Is the knighting of Salman Rushdie, 60, by the queen of England "a sign of the changing mood" toward British Muslims, as Observer columnist Nick Cohen wrote? Is it "a welcome example of … British backbone," as Islamism specialist Sadanand Dhume described it in the Wall Street Journal?
I think not. Rather, the knighting, announced June 16, was done without heed of its implications.
Most of the uproar against the honor is taking place in Pakistan, as it did in 1988, when Sir Salman's novel, The Satanic Verses, was initially published. "We deplore the decision of the British government to knight him," a Foreign Ministry spokeswoman said The lower house of parliament unanimously passed a government-backed resolution calling Rushdie a "blasphemer."
Most extraordinarily, Pakistan's minister of religious affairs, Mohammed Ijaz ul-Haq, endorsed suicide bombing against the United Kingdom. "If someone exploded a bomb on his body, he would be right to do so unless the British government apologizes and withdraws the ‘sir' title." Ijaz ul-Haq later added that "If someone commits suicide bombing to protect the honor of the Prophet Muhammad, his act is justified."
A trade union offered a $160,000 reward to anyone who beheads Rushdie. Iran's speaker of parliament, Gholamali Haddadadel, threatened that Muslims "will not leave this imprudent and shameless act without response."
Such reactions from on-high spurred Islamists to the streets in many cities, including London's, burning effigies of Rushdie and Queen Elizabeth and chanting slogans such as "Death to Rushdie! Death to the queen!"
Islamists demonstrate in Pakistan.
Fortunately, some Muslims decried these reactions. Canadian writer Irshad Manji noted that the Pakistani government had nothing to say about "assaults on fellow believers" in Kabul and Baghdad, where Islamist terrorism killed more than 100 Muslims. "I am offended that amid the internecine carnage, a professed atheist named Salman Rushdie tops the to-do list," she wrote.
These Islamist threats extend a drama begun on Valentine's Day, 1989 when Ayatollah Khomeini issued his death edict against Rushdie, stating that "the author of the book entitled The Satanic Verses – which has been compiled, printed, and published in opposition to Islam, the Prophet, and the Qur'an and all those involved in its publication who were aware of its content, are sentenced to death. I call on all zealous Muslims to execute them quickly."
That very day, I went on television and predicted that the novelist would never escape the edict. He, however, experimented with appeasement in 1990 and with self-delusion since 1998, when the Iranian foreign minister declared his government no longer intent on murdering him. Rushdie wishfully deemed this "a breakthrough," concluding that the Khomeini edict "will be left to wither on the vine."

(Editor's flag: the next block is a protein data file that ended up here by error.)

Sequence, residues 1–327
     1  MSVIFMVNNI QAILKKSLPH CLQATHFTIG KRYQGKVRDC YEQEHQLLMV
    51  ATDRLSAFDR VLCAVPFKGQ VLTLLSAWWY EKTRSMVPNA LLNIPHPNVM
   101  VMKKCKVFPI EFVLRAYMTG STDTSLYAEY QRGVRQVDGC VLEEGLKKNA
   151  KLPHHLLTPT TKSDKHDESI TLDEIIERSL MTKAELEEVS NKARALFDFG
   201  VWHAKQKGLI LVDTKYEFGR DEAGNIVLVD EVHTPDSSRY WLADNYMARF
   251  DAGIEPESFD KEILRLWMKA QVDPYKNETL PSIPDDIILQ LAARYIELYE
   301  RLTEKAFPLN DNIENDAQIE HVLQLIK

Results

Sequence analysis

I warned Rushdie in 1998 against his giddy insistence on being in the clear. For one, the edict remained in place; Iranian leaders do not believe themselves competent to undo it (a point reiterated by an ayatollah, Ahmad Khatami, just the other day). For another, freelancers around the globe could still nominate themselves to fulfill Khomeini's call to action.
But Rushdie and his friends ignored these apprehensions. Christopher Hitchens, for example, thought Rushdie had returned to normal life. That became conventional wisdom; such insouciance and naïveté – rather than "backbone" – best explains awarding the knighthood.
I welcome the knighting because, for all his political mistakes, Rushdie is indeed a fine novelist. I wish I could agree with Dhume that this recognition of him suggests "the pendulum has begun to swing" in Britain against appeasing radical Islam.
But I cannot. Instead, I draw two conclusions: First, Rushdie should plan around the fact of Khomeini's edict being permanent, to expire only when he does. Second, the British government should take seriously the official Pakistani threat of suicide terrorism, which amounts to a declaration of war and an operational endorsement. So far, it has not done that.
Other than an ambassadorial statement of "deep concern," Whitehall insists that the minister's threat will not harm a "very good relationship" with Pakistan. It has even indicated that Ijaz ul-Haq is welcome in Britain if on a private visit. (Are suicide bombers also welcome, so long as they are not guests of the government?) Until the Pakistani authorities retract and apologize for Ijaz ul-Haq's outrageous statement, London must not conduct business-as-usual with Islamabad.
Now that would constitute "British backbone."